Life at 25…
I’ve always been fascinated by human beings, the way we behave in different situations or think about specific subjects. I’ve been lucky enough to be able to observe people for 25 years now and learned a lot about myself in the process.
Let’s go straight to the point, what did I learn about people over 25 years? People do change, at least I did. Personality wise, I went from being an extrovert to an introvert in less than a decade. Not because people drain me, but because the more I get older, the more I enjoy spending time alone with my thought and simply think. As weird as it sounds, analyzing my own actions and feelings is extremely fascinating. Knowing that our decisions shape our reality, I like to review my actions and imagine different outcomes had I taken different decisions.
Interestingly enough, I didn’t quite become a total introvert. I become better at sensing other people’s energy and adjust myself based on what I feel. Through 25 years of existence, you realize that some people energize you, some drain you, some help you become a better person, some make you worse. It’s a sad realization because it requires you to make some changes, which usually involve cutting some people off and focus on the ones that make you better.
It’s an easy decision nonetheless because you also realize that nobody cares about you as much as you do. I knew this statement was true for ideas (i.e. nobody cares about your ideas as much as you do). That’s why entrepreneurs are expected to be stubborn and be able to persuade people. But the same is true for life: nobody cares about you as much as you do. The human mind is always looking for ways to increase pleasure and avoid pain. So people, naturally, are always unconsciously trying to increase their pleasure and reduce their own suffering. If you’re not careful, you might get lost in the process because what might look like a common pleasurable goal might be the one thing derailing you from your goals. Nobody truly knows what you want to become, but you, so keeping that in mind at all times is needed to navigate your social life at 25. For me, it was learning how to say no. Something I’ve been struggling with for years, but as I grow, I realize that learning how to say no is the ultimate power that will push me toward my own goals.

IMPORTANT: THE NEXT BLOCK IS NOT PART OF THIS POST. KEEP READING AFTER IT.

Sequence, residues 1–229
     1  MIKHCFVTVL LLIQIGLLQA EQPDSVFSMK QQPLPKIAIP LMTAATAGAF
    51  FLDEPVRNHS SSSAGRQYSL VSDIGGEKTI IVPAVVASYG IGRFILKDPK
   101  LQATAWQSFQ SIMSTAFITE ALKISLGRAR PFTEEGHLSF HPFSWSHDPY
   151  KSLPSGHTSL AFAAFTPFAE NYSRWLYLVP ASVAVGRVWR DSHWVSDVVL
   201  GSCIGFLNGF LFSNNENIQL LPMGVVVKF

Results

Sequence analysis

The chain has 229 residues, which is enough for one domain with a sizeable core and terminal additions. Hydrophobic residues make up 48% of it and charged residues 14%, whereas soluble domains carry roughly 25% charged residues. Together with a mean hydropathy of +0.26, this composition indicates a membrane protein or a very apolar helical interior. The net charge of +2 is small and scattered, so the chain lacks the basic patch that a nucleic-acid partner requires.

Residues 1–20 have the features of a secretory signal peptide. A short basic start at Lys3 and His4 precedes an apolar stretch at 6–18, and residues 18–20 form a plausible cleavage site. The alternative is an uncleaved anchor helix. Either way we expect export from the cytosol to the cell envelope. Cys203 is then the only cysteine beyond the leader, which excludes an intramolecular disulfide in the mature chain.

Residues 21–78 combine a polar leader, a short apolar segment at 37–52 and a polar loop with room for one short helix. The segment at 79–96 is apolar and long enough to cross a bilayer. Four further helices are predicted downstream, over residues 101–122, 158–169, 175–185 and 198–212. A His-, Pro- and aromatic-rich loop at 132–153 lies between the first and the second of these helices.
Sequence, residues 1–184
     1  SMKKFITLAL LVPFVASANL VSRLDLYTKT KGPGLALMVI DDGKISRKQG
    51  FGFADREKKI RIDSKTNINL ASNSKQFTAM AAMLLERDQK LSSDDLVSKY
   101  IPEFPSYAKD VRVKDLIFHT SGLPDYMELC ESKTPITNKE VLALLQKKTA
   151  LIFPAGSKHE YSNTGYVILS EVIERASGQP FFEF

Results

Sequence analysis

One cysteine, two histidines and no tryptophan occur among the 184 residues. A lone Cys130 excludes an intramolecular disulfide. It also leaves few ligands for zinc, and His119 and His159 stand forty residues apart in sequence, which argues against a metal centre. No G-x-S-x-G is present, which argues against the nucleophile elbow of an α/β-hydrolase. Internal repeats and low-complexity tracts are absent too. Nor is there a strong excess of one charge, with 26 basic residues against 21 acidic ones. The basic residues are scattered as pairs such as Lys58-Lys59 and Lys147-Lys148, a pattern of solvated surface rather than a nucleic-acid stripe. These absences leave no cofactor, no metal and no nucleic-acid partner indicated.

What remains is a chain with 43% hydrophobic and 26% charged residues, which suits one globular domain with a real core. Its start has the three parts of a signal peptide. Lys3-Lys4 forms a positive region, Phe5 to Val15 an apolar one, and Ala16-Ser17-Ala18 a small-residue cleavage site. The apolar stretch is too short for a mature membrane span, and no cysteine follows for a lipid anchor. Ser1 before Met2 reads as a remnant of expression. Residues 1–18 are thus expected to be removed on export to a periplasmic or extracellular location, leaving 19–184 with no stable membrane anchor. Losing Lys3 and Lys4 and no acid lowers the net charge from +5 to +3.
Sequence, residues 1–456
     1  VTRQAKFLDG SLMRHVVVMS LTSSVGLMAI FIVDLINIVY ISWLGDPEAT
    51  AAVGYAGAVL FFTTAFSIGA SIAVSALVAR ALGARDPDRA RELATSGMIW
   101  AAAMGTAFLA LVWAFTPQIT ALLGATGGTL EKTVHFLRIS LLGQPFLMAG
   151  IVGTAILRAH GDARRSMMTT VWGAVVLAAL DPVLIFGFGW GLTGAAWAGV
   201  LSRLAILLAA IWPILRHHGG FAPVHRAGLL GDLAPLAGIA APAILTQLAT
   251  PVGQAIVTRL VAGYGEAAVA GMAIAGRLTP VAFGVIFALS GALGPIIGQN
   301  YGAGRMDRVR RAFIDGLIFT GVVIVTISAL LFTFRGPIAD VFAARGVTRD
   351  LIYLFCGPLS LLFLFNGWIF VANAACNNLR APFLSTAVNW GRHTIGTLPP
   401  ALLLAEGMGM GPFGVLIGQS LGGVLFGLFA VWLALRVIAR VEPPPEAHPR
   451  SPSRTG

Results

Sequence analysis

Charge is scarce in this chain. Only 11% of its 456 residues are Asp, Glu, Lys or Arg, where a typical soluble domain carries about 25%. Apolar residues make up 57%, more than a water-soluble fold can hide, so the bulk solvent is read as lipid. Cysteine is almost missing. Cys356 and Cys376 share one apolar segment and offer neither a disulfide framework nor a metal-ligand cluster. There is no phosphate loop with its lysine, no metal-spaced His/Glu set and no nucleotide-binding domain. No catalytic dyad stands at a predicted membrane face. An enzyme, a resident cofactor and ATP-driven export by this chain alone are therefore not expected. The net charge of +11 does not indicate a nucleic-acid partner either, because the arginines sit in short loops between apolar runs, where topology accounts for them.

It’s not that I cared about other people’s opinions, I just didn’t wanna bruise people. I somehow always liked to come up with the most pleasurable solution that would make everyone happy. Now things are different. Nobody ever died for being told no, plus I repeat, people care about themselves. Essentially, every human interaction is an exchange of energy, make sure the energy you receive propels you toward your goals, otherwise there is no point (despite the fun times).
As I’m growing up, I focus more on meaning rather than anything else. When I was 18, I could sell anything, the only goal was to make some money. As I’m growing, I need to seriously give a shit about what I am doing in order to do it. Living a meaningful life is extremely important to me, it helps me keep the good times in perspective and smooth the bad times. I’ve always believed there is a reason why every single one of us is alive. Finding that reason is essentially finding your meaning. As you’re reading this, I hope you find yours, it makes life more interesting.
I was lucky enough to go through all kinds of experience in just 25 years. The world is not pink anymore for me, it isn’t dark either. It’s as neutral as a neutron. It is up to me to shape it the way I want.
Earlier, I said I learned that people change. I change through reflections, meaning if I already know the outcome I want, and I take a set of actions that do not bring me the desired result, I change my actions. I learned that the deepest things we want in life have the power to change who we are at the core. It’s fascinating, this ability to be malleable in the universe, I find it fascinating. It teaches a few things:
1. Nothing is set in stone. Even our personality, things we care about can change when needed.
2. Other people change too. So judging people too soon is a waste of time.
3. We can only change ourselves. Okay, this one seems obvious until the two previous facts lead you into trouble, that’s when fact number 4 is needed.
4. See reality for what it is and expect nothing from other people. This one is hard to get until you have to. I am optimistic, so when I met new people, I used to imagine how great they could be and based my perception of them from that mental vision. The problem was that my mental vision was imaginary. The reality is always something less glamourous. Sometimes, the person would rise to the occasion and become better in whatever they’re doing (i.e. at work), sometimes that vision was the key ingredient to a series of endless disappointments.
Another point is that the world doesn’t wait for you to achieve your dreams before it resumes itself. Everything happens at the same time. So becoming mindful about the present, my thoughts and my time was useful for me. It meant simplifying many things to focus on the few activities that actually add value to my life. My favorite quote these day is:
“Simplicity is the glory of expression.” — Walt Whitman
Life at 25 is simpler, not because I have everything figured out, but because I simply focus on what matters to me, regardless on what other people may think.
“You’ll be fine. You’re 25. Feeling unsure and lost is part of your path. Don’t avoid it. See what those feelings are showing you and use it. Take a break. You’ll be okay. Even if you don’t feel okay all the time.” — Louis C.K
That quote is definitely true for me, sometimes I freak out, sometimes things get really hard, but it’s good to remind myself that I'm only 25. Most importantly, I’ll be fine.